“No one wanted to go outside,” Malowitz said. “There were little kids crying, small kids screaming. It was absolute mayhem.”
Janet Wehner, who has children in second and fourth grade at Warren Elementary, said it was not until she picked up her children from the bus stop that she realized “it had been that traumatic for them.”
“My daughter was so upset,” Wehner said. “They were soaking wet, and she’s like, ‘I was praying the whole time.’”
Wehner said her oldest daughter was around people with cellphones who had gotten the alert, a warning to shelter in place, and was confused when she was then told to go outside.
“I think a lot of the kids were just very confused and scared,” Wehner said.
Oland said all principals were sent an online notification about the tornado warning after it had been issued. He said other schools with later dismissal times received the alert before starting the process and delayed letting students outside until the warning had passed.
“Principals can delay a dismissal for localized inclement weather conditions,” Oland said. “Other elementary schools in the area who dismissed later in the afternoon did that with the tornado warning in effect.”
In her letter to parents, Dingle said that moving forward, during severe weather the school will follow severe weather protocols and shelter anyone on school grounds.
“Additionally, I am in the process of reviewing our school-based safety plan with Baltimore County Public Schools, including the Department of School Safety and other stakeholders,” Dingle continued.
She said those reviewed policies will be incorporated into six drills for weather, fire and other emergencies, which will be conducted before the end of the year.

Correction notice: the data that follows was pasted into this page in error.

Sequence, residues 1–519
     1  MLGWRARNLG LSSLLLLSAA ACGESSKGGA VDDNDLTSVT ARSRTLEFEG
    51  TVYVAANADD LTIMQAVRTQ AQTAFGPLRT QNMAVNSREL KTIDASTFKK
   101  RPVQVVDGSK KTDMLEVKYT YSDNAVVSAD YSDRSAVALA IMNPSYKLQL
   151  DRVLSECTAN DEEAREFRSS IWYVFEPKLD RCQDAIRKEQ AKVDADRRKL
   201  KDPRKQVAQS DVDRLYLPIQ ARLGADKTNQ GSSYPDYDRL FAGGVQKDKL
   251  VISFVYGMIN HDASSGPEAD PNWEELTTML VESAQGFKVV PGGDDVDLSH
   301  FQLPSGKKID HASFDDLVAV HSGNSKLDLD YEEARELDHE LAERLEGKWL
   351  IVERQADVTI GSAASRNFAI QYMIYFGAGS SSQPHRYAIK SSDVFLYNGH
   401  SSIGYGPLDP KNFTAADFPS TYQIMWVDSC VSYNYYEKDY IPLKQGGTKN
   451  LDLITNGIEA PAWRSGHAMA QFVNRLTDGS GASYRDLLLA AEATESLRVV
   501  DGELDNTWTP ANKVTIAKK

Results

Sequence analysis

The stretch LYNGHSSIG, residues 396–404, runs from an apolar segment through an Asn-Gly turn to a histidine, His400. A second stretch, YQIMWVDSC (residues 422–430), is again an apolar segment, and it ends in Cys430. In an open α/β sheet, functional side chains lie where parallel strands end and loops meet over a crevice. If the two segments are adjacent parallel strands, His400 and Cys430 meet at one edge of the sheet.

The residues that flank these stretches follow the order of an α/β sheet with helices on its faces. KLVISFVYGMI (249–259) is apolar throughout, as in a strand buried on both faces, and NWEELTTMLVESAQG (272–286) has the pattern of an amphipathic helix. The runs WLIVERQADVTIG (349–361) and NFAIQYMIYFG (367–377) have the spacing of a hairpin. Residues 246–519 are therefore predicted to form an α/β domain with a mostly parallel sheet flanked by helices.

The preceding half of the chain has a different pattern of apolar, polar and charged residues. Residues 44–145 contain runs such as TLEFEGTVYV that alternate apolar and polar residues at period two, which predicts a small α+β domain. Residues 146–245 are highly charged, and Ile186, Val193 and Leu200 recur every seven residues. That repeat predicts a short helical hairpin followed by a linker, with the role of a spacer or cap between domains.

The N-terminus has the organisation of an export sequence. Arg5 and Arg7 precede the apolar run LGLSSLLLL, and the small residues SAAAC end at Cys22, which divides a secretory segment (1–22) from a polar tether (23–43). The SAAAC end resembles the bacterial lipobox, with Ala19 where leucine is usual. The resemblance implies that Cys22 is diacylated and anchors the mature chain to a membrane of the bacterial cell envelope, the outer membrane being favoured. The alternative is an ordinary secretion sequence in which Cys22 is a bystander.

The school’s PTA president did not respond to a request for comment.
The staff member said Dingle sent that letter to staff members but has not addressed the incident with staff as a group. That incident, the employee said, reflects a broader concern about culture: that teachers and other staff do not feel comfortable speaking up.
“There’s definitely a fear among staff to talk to [the administration],” the employee said. “Because you’re never right for the first part, and you’re usually blamed for anything that happens in the building.”
Oland said of the employee’s concerns that “staff do have several avenues where they can share concerns about any issue.”
Malowitz said in her opinion, the principal’s decision to dismiss was a mistake. “I think the trust is gone,” she said.
Wehner, however, said with how fast everything happened the confusion was understandable. Still, she wants to make sure the school has policies in place for when emergencies happen during dismissal. She said she complained to the school and received a call from Dingle with what she said sounded like a sincere apology.
“I definitely was not happy about this and she did call me and apologize, and I accepted it,” Wehner said. “I didn’t think she intentionally did it. I just felt like it was bad timing.”